Jordan Valley requested and received approval in 2003 to discharge byproduct from the reverse osmosis treatment of deep aquifer groundwater into the Jordan River. The permit was later withdrawn by Jordan Valley with a request to study discharge alternatives and to allow for additional time for Great Salt Lake water quality studies.

In the interim, the Jordan River was classified as impaired based on Utah Water Quality Standards for total dissolved solids (TDS) and could no longer be considered as a discharge recipient for waters that exceed a TDS concentration of 1,200 micrograms per liter (mg/L). During this time, the Division of Water Quality (DWQ) completed the Great Salt Lake Selenium Study and established a tissue-based numeric standard for selenium for the Great Salt Lake in 2008.

In 2010, Jordan Valley submitted a Utah Pollution Discharge Elimination System (UPDES) permit application (433 KB) which requested approval to discharge byproduct water into Gilbert Bay of the Great Salt Lake and untreated shallow groundwater to the Jordan River. DWQ hosted a public information meeting on the permit application on March 22, 2010. The 60 day public comment period for the draft permit ran from December 1, 2010 to February 1, 2011, with a public hearing on the permit held on January 4, 2011. The typical public comment period for UPDES permits is 30 days, but DWQ determined that the complexity of the permit and the high public interest warranted a longer comment period.

DWQ received an unprecedented number of comments, totaling 150 pages, from 50 individuals and organizations on the draft permit. On May 9, 2012, a 31-page Comment Response Summary (433 KB) was sent to those who commented on the 2010 draft. After a lengthy review and analysis of the comments submitted, DWQ determined it needed to make substantive changes to the 2010 draft permit and Statement of Basis. The permit has since been revised to include supporting information (1.9 MB) for the determination of the effluent limits in the byproduct discharge and additional monitoring requirements in the transitional waters of Gilbert Bay for selenium and mercury. The permit includes a reopener provision if new information resulting from effluent monitoring and study data indicates that these effluent limits need to be revised.

For additional information on the Southwest Jordan Valley Groundwater Project, please visit the Kennecott Project Web page.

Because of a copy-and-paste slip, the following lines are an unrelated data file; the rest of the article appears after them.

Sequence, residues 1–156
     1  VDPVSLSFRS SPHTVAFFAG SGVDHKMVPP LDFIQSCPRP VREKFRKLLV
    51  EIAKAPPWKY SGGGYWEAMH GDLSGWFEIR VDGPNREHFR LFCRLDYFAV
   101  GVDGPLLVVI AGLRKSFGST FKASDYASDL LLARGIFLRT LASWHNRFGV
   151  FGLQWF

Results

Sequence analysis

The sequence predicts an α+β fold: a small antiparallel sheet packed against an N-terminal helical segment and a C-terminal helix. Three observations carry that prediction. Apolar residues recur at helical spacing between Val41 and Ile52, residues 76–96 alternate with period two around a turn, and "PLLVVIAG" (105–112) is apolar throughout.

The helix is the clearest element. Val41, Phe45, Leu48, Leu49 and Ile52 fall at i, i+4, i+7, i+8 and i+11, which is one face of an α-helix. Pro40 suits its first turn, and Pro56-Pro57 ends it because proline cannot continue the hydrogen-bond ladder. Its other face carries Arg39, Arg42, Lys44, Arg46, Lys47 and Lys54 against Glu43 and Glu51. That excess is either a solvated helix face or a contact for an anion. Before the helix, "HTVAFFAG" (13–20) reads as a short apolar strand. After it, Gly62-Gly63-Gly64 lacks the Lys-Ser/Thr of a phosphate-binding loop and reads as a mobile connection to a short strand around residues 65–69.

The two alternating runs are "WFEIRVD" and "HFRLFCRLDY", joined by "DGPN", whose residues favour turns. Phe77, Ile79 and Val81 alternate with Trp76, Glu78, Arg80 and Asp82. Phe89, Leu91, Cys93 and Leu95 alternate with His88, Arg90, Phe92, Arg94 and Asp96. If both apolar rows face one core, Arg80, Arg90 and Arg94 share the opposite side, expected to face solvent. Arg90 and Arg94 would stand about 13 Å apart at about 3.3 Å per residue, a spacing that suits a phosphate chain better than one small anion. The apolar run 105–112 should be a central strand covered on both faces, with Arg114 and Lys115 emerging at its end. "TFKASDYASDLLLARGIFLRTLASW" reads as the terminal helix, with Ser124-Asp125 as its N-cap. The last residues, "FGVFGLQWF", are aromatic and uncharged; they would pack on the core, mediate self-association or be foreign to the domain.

Meetings and Public Comment

The 45 day public comment period begins on May 15, 2013 and ends on June 28, 2013.

Public Hearing and Information Meeting (June 17, 2013)

A public hearing and information meeting is scheduled for June 17, 2013 at 6:00 p.m. in the Utah Department of Environmental Quality Board Room located on the first floor of the Multi-Agency State Office Building at 195 North 1950 West in Salt Lake City.

Given the complexity of this permit and the high public interest, the Division has extended the public comment period from the required 30 days to 45 days. The public hearing is an opportunity for the public to provide comments for the record.

Draft Permit

Written comments may be directed to:

Kim Shelley, Environmental Engineer, Utah Division of Water Quality
P.O. Box 144870
Salt Lake City, Utah 84114-4870

After considering public comment, the Executive Secretary of the Utah Water Quality Board may execute, revise, or abandon the proposed permit.

May 2013 Draft UPDES Permit for Southwest Groundwater Treatment Plant

December 2010 Draft UPDES Permit for Southwest Groundwater Treatment Plant

August 2010 UPDES Permit Application for Southwest Groundwater Treatment Plant
(Due to its large size, the application is broken into smaller file sizes)

Gettips about providing public comment and to see the a schedule of public hearings.


On the Southwest Jordan Valley Groundwater Project

For more information on this project, contact Mazie Cox (maziecox@utah.gov), (385) 391-8129.